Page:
versión On-line ISSN 1816-7950
Water SA v.38 n.2 Pretoria 2012
NA Rivers-MooreI, *; S MantelII; HF DallasIII
ISchool of Agricultural, Earth and Environmental Sciences, University of KwaZulu-Natal, P/Bag X01, Scottsville 3209, South Africa
IIInstitute for Water Research, Rhodes University, PO Box 94, Grahamstown 6140, South Africa
IIIFreshwater Research Unit, University of Cape Town, Private Bag X3, Rondebosch 7700, South Africa
Key aspects of a river's temperature regime are described by magnitudes, timing and durations of thermal events, and frequencies of extreme exceedance events. To understand alterations to thermal regimes, it is necessary to describe thermal time series based on these statistics. Classification of sites based on their thermal metrics, and understanding of spatial patterns of these thermal statistics, provides a powerful approach for comparing study sites against reference sites. Water temperature regime dynamics should be viewed regionally, where regional divisions have an inherent underpinning by an understanding of natural thermal variability. The aim of this research was to link key water temperature metrics to readily-mapped environmental surrogates, and to produce spatial images of temperature metrics: 37 temperature metrics were derived for 12 months of sub-daily water temperatures at 90 sites in the Eastern Cape and Western Cape provinces, South Africa. These metrics were correlated with 16 environmental variables. Correlations enabled development of multiple regression models which facilitated mapping of temperature metrics over the study area. This approach has the potential to be applied at a national scale as more thermal time series are collected nationally. It is argued that the appropriateness of management decisions in rivers can be improved by including guidelines for thermal metrics at a regional scale. Such maps could facilitate incorporation of a temperature component into management guidelines for water resources.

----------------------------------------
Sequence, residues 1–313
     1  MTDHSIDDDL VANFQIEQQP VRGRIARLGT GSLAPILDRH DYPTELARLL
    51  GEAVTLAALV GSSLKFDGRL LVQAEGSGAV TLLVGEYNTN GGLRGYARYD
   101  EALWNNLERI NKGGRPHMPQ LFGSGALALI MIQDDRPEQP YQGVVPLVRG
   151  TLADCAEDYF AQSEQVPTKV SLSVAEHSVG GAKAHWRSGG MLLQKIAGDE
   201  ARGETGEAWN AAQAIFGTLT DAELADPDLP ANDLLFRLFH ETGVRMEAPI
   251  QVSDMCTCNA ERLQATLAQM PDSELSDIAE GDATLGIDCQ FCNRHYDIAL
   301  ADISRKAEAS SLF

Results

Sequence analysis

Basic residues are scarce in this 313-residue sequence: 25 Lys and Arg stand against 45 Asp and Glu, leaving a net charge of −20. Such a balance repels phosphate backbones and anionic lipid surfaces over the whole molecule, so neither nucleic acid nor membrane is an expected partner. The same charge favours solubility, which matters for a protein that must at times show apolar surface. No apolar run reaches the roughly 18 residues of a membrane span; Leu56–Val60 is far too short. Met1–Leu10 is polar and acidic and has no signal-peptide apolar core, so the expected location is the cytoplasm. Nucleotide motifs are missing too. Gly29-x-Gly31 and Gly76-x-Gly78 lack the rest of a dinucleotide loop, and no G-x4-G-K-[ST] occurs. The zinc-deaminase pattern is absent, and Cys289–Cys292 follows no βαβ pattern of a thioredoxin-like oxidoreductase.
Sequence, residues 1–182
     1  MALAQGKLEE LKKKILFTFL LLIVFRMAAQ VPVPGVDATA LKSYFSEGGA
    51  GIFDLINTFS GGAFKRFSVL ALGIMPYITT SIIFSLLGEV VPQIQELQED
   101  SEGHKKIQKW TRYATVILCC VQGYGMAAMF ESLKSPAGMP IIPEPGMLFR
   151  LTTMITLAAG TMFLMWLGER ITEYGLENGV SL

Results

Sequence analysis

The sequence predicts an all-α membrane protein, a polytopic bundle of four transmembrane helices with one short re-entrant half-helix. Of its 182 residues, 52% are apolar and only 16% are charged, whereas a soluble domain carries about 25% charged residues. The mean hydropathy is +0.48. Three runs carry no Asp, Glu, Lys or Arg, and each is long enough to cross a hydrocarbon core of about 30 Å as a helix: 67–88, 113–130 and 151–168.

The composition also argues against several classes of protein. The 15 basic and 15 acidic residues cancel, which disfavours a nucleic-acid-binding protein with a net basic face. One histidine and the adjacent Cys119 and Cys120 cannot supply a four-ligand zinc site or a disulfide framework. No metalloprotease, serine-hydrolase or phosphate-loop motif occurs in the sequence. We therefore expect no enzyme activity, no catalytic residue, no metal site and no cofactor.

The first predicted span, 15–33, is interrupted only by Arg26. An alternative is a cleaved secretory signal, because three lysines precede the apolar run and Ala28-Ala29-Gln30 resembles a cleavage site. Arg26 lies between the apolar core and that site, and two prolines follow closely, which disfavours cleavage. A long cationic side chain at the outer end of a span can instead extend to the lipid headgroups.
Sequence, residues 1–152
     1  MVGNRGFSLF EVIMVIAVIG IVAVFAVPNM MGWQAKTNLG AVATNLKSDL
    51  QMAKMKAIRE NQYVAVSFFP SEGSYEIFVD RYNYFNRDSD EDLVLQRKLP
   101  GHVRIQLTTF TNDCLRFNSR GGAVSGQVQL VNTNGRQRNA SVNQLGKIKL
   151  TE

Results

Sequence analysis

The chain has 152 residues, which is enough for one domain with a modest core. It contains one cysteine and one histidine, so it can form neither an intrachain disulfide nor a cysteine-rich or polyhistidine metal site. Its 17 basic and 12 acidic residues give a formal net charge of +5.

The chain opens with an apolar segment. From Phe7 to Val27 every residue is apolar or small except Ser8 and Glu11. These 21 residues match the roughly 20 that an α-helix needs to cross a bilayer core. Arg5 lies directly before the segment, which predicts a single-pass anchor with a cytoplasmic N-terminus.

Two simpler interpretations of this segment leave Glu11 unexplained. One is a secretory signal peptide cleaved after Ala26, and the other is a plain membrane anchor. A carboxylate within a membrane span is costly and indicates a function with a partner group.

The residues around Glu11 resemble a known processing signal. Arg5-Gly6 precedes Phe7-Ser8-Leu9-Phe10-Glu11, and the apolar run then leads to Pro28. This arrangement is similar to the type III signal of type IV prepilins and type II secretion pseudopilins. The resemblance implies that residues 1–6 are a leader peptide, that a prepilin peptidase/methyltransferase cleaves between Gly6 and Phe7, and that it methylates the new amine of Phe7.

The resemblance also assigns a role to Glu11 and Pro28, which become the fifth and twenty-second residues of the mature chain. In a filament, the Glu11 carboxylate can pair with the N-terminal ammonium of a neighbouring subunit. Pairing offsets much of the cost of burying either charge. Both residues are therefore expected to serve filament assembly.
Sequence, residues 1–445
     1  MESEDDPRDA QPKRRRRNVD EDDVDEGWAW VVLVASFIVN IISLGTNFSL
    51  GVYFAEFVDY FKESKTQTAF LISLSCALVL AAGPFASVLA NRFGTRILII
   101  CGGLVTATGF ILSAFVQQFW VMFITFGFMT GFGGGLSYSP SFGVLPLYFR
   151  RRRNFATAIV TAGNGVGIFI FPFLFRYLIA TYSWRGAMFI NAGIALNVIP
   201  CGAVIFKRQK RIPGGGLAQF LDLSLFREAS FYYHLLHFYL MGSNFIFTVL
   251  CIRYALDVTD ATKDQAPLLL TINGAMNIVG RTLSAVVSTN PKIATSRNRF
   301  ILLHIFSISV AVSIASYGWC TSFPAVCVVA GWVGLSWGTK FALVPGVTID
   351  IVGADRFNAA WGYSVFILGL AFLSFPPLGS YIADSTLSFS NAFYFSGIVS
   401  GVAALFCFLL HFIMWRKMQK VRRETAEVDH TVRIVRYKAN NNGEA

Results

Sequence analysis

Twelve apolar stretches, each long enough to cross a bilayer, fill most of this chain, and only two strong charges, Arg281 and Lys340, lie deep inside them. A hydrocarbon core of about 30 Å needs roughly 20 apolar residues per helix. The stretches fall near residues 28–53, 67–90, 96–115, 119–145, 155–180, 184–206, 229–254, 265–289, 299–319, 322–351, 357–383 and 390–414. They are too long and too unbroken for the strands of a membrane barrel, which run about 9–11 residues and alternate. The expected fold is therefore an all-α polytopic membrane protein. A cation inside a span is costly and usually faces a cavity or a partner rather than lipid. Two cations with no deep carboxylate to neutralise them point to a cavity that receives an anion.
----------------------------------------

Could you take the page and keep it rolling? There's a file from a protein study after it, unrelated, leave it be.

Keywords: classification, ecological Reserve, environmental surrogates, multiple regression modelling, water resources management, water temperatures
Measured stream temperatures are final values resulting from a number of complex assimilated physical processes. These can be grouped into drivers (which operate beyond the boundaries of the stream, and control the rate at which heat and water are delivered to the stream system); insulators (which influence the rate of heat exchange with the atmosphere) and buffers (which store heat already in the system, and integrate the variation in flow and temperature over time) (Poole and Berman, 2001).